Thursday, August 30, 2018

Delicious raspberries from Mad Tom Orchard

I took these pictures a few weeks ago, but didn't post them here.  This morning I used the last of them out of the freezer and made a delicious shake.  I wish I had picked more.  There's another farm close by that freezes them and sells them all year, so I won't have to do without, thankfully, but picking them myself in this heavenly spot is the best way.  Next year I am going to make some kind of preserves.  Yum....

Wednesday, April 25, 2018

Paint that one again...

I remember a quote from Joni Mitchell, "A painter does a painting, and he paints it, and that's it, you know. He has the joy of creating it, it hangs on a wall, and somebody buys it, and maybe somebody buys it again, or maybe nobody buys it and it sits up in a loft somewhere until he dies. But he never, you know, nobody ever, nobody ever said to Van Gogh, 'Paint a Starry Night again, man!' You know? He painted it and that was it."  She was saying how paintings are different than songs in this way, because songs are sung again, and again, and again.

Well the above photos are an example of a painting being painted again, and again, and again.  People did ask me to paint this over and over after the first one sold and I showed a photo of it in various places.  These paintings are inspired by the William Butler Yeats' poem, "The Lake Isle of Innisfree" :

I will arise and go now, and go to Innisfree,
And a small cabin build there, of clay and wattles made;
Nine bean-rows will I have there, a hive for the honey-bee,
And live alone in the bee-loud glade.

And I shall have some peace there, for peace comes dropping slow,
Dropping from the veils of the morning to where the cricket sings;
There midnight’s all a glimmer, and noon a purple glow,
And evening full of the linnet’s wings.

I will arise and go now, for always night and day
I hear lake water lapping with low sounds by the shore;
While I stand on the roadway, or on the pavements grey,
I hear it in the deep heart’s core.

This poem resonates with me so much, and I believe the sentiments of it are felt by so many people more and more strongly.  It is the universal longing for nature, a kind of primal or spiritual longing to return to the connection with the earth that is hardwired in our DNA somewhere.  Perhaps that's why this painting has been a kind of self-portrait for me, one I return to often, and that others are drawn to.

Full Circle Farm is my version of Innisfree, with all the connotations.

Wednesday, April 18, 2018

I love to grow food!

There are few things more satisfying to me than growing my own food.  I love to tend the plants and nurture them along until there are fruits to eat and cook.  Nothing so delightful as fresh food with herbs, and lovely places in the beauteous landscape to sit and enjoy a good meal.

We are a long way from fruition this season, so I am just dreaming of gardens from times past.  It is still cold and gray here, but the bulbs have pushed through, and it won't be long before everything is growing like crazy.  I can't wait!

Monday, April 2, 2018

on being a Jane of all trades

I am a "Jane of all trades" or better still, a "Renaissance woman."  I have never been able to fully specialize, as my interests are vast, and I become bored with the same thing ad infinitum.  It occurs to me that this quality of diverse interests and skills is part of being an artist and a farmer.  The global, corporate world seems to pressure us all into specialization, but I reject the merits of that.  To me, having diverse interests and abilities in many fields is a more natural and healthful path than specialization.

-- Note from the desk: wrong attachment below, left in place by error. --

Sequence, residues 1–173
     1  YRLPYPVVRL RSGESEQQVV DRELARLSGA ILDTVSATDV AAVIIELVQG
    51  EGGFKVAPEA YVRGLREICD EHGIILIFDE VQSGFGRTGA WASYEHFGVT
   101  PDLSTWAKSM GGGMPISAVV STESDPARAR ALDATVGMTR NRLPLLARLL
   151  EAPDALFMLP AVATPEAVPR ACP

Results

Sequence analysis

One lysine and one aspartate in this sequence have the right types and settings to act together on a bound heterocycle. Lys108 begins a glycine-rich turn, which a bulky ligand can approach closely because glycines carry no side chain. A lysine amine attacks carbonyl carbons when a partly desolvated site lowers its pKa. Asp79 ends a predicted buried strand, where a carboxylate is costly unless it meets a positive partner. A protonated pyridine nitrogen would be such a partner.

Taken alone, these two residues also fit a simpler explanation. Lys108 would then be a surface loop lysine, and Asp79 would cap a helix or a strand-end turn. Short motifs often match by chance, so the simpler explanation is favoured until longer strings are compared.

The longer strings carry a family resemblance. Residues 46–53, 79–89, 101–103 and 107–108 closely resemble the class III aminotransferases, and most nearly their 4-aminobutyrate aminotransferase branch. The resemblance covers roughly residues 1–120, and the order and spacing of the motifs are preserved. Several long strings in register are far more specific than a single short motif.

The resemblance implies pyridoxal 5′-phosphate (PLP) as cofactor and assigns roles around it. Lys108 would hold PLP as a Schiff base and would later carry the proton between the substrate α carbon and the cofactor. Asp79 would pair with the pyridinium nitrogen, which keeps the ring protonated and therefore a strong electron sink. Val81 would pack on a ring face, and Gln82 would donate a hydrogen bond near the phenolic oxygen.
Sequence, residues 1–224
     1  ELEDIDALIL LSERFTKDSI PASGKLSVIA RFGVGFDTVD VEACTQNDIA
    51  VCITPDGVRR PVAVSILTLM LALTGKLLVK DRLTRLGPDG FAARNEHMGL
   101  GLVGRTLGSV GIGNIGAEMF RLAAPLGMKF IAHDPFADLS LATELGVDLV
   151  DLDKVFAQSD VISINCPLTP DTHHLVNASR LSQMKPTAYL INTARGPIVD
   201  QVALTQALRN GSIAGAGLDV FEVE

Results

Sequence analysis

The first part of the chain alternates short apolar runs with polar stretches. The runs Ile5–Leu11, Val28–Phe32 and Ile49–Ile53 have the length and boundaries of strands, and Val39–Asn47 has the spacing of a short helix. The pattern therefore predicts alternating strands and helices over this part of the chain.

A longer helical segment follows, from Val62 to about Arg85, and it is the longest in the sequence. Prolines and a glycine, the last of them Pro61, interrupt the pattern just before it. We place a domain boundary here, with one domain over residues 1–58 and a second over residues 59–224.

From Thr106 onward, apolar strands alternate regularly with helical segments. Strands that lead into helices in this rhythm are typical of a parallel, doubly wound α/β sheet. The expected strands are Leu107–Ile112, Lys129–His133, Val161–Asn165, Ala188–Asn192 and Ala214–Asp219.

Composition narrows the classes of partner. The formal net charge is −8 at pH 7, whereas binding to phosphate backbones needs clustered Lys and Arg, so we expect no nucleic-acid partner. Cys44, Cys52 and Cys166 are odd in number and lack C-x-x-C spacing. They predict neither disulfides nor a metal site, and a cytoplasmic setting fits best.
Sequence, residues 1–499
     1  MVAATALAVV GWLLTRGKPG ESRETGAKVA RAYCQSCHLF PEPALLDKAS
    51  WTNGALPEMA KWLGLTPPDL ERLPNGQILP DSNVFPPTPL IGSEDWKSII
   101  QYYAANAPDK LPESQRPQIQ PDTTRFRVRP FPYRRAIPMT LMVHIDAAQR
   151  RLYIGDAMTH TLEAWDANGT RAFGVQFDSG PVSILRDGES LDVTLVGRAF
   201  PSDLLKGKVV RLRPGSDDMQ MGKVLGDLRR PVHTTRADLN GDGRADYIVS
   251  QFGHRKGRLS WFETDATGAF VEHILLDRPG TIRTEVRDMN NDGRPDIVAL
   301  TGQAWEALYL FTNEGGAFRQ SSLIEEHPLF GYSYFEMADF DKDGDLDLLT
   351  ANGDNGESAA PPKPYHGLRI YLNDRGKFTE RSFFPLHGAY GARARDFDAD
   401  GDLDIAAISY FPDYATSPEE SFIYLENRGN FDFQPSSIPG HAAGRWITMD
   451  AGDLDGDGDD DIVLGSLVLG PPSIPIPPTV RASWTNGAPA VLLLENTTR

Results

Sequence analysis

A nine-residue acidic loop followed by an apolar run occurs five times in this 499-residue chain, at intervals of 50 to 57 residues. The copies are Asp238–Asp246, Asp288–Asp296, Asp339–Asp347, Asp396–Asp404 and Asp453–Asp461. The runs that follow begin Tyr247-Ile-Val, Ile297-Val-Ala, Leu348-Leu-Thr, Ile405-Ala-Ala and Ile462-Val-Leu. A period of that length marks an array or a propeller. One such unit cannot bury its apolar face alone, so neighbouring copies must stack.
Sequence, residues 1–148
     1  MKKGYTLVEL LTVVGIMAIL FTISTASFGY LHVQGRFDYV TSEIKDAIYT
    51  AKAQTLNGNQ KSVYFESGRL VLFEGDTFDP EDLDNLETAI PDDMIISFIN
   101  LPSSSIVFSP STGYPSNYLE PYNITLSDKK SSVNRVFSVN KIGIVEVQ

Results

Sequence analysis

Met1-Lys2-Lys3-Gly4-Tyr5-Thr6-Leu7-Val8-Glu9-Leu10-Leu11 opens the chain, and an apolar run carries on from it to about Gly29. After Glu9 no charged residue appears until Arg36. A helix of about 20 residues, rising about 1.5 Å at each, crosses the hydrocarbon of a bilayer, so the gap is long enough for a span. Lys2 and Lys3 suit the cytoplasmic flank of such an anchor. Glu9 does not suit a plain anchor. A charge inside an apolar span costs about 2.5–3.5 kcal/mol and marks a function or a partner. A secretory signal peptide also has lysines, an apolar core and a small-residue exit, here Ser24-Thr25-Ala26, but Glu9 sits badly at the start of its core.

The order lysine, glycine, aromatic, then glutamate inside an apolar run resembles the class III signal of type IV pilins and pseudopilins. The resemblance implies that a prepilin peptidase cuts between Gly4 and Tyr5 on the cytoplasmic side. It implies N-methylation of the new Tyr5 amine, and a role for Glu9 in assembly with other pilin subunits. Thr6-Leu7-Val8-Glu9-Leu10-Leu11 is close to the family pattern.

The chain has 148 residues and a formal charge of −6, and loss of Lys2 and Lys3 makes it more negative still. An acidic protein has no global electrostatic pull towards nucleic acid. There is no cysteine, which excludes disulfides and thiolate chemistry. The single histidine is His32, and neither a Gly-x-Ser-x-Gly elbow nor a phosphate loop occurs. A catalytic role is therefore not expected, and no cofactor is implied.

In Vermont, I am right at home with these ideas.  Vermonters, as a general rule, have several jobs that fade in and out depending on the seasons and the cash flow.  It is rare to meet a true Vermonter who has only one job.  Perhaps it is simple survival skills adapted to a harsh climate that have created this situation, but it is also reflective of country life in  general.  Not only does the money come in spurts from varying avenues, work needs to get done at certain times and often there are only so many people to accomplish everything, so everyone ends up wearing a lot of hats.  To me this is completely natural and as life ought to be.  Specialization is what seems peculiar.

So, with Full Circle Farm, I offer the goods and services that I have learned to provide for myself.  Of course there is still some specialization.  My skill set includes art making, growing things, sewing, cooking, design, teaching, problem-solving, and maybe a few other things, but of course not everything.  I am interested in an economy of "the butcher, the baker, the candlestick maker..." but not in the limited sense of each person doing only one thing, but of each doing an assortment suited to individual taste, and communal need.  I am interested in a local exchange because exchange at a local level creates strong and healthy communities.  When exchange is centralized as in a corporate system, local communities lose their power and vibrancy.

Being a Jane of all trades is a holistic way to work.  The patterns of my work and production become tuned to my own daily needs.  I grow food for myself at the same time I do it for others, likewise with cooking, making winter wares, or preserving the harvest.  There is a natural rhythm to work that coincides with the needs of my family.  I make provision for myself by providing for others.  This feels right to me so much more than giving all my time to a job that is not connected to my own daily needs other than through money.

I know these ways are not for everyone.  This is why I said in my last post that both art and farming are vocations rather than jobs.  They are a way of life.  I wholeheartedly and enthusiastically embrace this way of life, despite it's inherent uncertainty and spontaneity.   I really can't live any other way, or certainly don't want to.  I embrace the "Full Circle."

Wednesday, March 28, 2018

the beginning

Full Circle Farm begins with this place, a large old house in the tiny town of East Dorset, Vermont.  It is a house with a long history and no doubt many stories contained in its various additions.  It is with great reverence, humility, and excitement that I find myself living here and making a new story around and within this place.